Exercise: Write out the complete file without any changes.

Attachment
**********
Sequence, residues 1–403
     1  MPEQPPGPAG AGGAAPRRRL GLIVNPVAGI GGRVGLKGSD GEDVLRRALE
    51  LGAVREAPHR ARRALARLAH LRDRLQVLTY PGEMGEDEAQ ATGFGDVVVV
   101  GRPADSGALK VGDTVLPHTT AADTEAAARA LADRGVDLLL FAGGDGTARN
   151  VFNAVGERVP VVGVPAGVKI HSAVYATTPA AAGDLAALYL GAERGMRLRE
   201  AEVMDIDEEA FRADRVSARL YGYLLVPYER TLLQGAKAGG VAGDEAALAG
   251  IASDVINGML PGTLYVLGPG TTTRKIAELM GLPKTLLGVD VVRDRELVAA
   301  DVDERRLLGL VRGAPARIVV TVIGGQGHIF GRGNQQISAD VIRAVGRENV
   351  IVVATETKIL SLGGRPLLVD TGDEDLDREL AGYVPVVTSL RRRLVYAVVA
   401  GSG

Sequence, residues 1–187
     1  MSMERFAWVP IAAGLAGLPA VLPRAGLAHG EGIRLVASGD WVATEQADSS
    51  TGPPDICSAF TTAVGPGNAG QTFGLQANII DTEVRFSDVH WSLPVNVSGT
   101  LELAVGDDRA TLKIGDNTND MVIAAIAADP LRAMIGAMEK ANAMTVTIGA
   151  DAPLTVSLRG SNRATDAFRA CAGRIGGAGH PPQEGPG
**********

Sequence, residues 1–403
     1  MPEQPPGPAG AGGAAPRRRL GLIVNPVAGI GGRVGLKGSD GEDVLRRALE
    51  LGAVREAPHR ARRALARLAH LRDRLQVLTY PGEMGEDEAQ ATGFGDVVVV
   101  GRPADSGALK VGDTVLPHTT AADTEAAARA LADRGVDLLL FAGGDGTARN
   151  VFNAVGERVP VVGVPAGVKI HSAVYATTPA AAGDLAALYL GAERGMRLRE
   201  AEVMDIDEEA FRADRVSARL YGYLLVPYER TLLQGAKAGG VAGDEAALAG
   251  IASDVINGML PGTLYVLGPG TTTRKIAELM GLPKTLLGVD VVRDRELVAA
   301  DVDERRLLGL VRGAPARIVV TVIGGQGHIF GRGNQQISAD VIRAVGRENV
   351  IVVATETKIL SLGGRPLLVD TGDEDLDREL AGYVPVVTSL RRRLVYAVVA
   401  GSG

Sequence, residues 1–187
     1  MSMERFAWVP IAAGLAGLPA VLPRAGLAHG EGIRLVASGD WVATEQADSS
    51  TGPPDICSAF TTAVGPGNAG QTFGLQANII DTEVRFSDVH WSLPVNVSGT
   101  LELAVGDDRA TLKIGDNTND MVIAAIAADP LRAMIGAMEK ANAMTVTIGA
   151  DAPLTVSLRG SNRATDAFRA CAGRIGGAGH PPQEGPG